Pros and Cons of Being a Child Actor

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If you're considering hoisting your child into the spotlight, it's best to mull over the pros and cons of child acting first.

To begin, we'll start off with the cons:

A child actor will have an unstable schedule of school and social activity. While child actors have education right at their fingertips, it may come in the form of homeschooling or a combination of homeschooling and public or private school. As well, a child actor may not be around other children in a normal, social environment or may move from set to set, which may means he or she is moving from city to city and being constantly introduced to new, unfamiliar faces that often belong to adults. This environment can be exciting, but also chaotic and sometimes inappropriate for the child.

Many child actors will perform in innocuous television commercials or PG movies, but many also will help to create characters in films or television shows that are geared for an adult audience. This means that no matter how much they are shielded from the dark side of the entertainment industry, they may still be exposed to heavy subject matter that is difficult to process at a young age. This may force them to grow up a little too soon and can have negative effects on their adulthood down the road.

Probably the most alarming con of being a child actor is the environment they are thrust into. Even with constant adult supervision, there are bad influences lurking around every corner. The entertainment industry is filled with adults, just like any other business, and this means that a child actor may be prematurely introduced to drugs, alcohol, and sex. But that is not the only part of the environment that is risky. The film and television business is rough on every aspiring actor, so child actors may find the heat of competition and the cycle of auditions and rejections unbearable. It takes a strong, determined child to pursue acting!

Lastly, no matter how well-intentioned the parents of a child actor are, they may be accused of exploiting their own flesh and blood. Many infamous cases of child exploitation have occurred and really helped add to the negative stigma and paint a portrait of obnoxious, offensive stage mothers and fathers.

However, every child actor has different memories and a different story to tell by the time they reach adulthood. And for many, whether they were budding Hollywood stars or just doing random media stints, the experience was a positive, and even invaluable, one.

Here are the pros to being a child actor:

If a child discovers a special knack for something, perhaps playing the piano or inventing appliances out of cardboard, it's a parent's duty to guide the child in honing in on their craft. Youth is not only about having fun and learning your A's, B's, and C's, but discovering what your talents are. And if a child wants to perform, what better than to give them realistic goals and help them to achieve them? Child actors are encouraged to explore their talents and develop work ethic that relates to those specal skills. Child acting can be a learning experience and a stepping stone to a career, but whatever the case, it can be enormously beneficial to a child. Summer camps and theater classes can be safer, less intrusive ways for your child to determine the extent of how they feel about acting and if they have strong feelings and talent, professional acting may be a great outlet.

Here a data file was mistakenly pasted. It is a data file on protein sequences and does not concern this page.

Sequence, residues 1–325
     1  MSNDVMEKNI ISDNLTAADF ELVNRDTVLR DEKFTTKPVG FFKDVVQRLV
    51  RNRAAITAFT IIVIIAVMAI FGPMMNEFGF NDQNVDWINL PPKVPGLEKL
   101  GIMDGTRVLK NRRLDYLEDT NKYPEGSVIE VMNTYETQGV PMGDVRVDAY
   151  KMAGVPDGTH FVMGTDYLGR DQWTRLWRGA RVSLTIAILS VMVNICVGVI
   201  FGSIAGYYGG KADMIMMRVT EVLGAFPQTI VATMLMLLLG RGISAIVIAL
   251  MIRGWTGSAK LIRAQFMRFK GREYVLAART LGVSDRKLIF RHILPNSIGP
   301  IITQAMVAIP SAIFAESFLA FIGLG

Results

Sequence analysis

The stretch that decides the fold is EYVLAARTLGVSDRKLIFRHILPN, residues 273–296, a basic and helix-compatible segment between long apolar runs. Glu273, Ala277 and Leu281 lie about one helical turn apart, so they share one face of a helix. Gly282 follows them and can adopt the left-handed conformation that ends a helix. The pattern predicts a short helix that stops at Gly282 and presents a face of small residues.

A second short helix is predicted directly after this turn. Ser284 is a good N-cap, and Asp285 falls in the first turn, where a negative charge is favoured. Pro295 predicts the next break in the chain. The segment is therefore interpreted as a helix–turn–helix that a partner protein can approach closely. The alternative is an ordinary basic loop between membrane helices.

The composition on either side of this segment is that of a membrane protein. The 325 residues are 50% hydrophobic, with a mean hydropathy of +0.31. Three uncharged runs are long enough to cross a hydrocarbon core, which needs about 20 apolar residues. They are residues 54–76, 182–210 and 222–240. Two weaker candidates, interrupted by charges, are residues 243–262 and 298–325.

Fortunately, there are lots of laws in place that protect child actors from the many dangers and hazards of the entertainment industry. For example, it is not legal for child actors to be forced to perform stunts that might endanger their physical wellbeing. Moreover, it's illegal for them to endure situations that will be morally challenging or compromising – so their emotional wellbeing is taken into consideration by the government too. As well, child actors cannot be filmed naked or even partially naked or engaged in explicit sexual acts. Not to mention, education is mandatory for child actors, just like it is for other children, and additionally, the hours a child actor can put into his or her unique line of work are severely limited based on age. Especially with the likes of the newly emerged A Minor Consideration, an not-for-profit organization committed to protecting young entertainers, child actors have a lot of legal protection.

In such a competitive business, there is always potential for harm to a child actor. But that can be said for other children, who have normal social and academic lives in the public school system. The key to making the cons nonexistent and taking advantage of the pros is good parenting. A child actor must be the writer of his or her destiny – a parent has a lot of say, but not when it comes to an issue like this. Children who are interested in professional acting must be given as much control as possible over their career (unless of course they are too ambitious!) and the experience should always be viewed as a fun, educational experience, not a money-making one.

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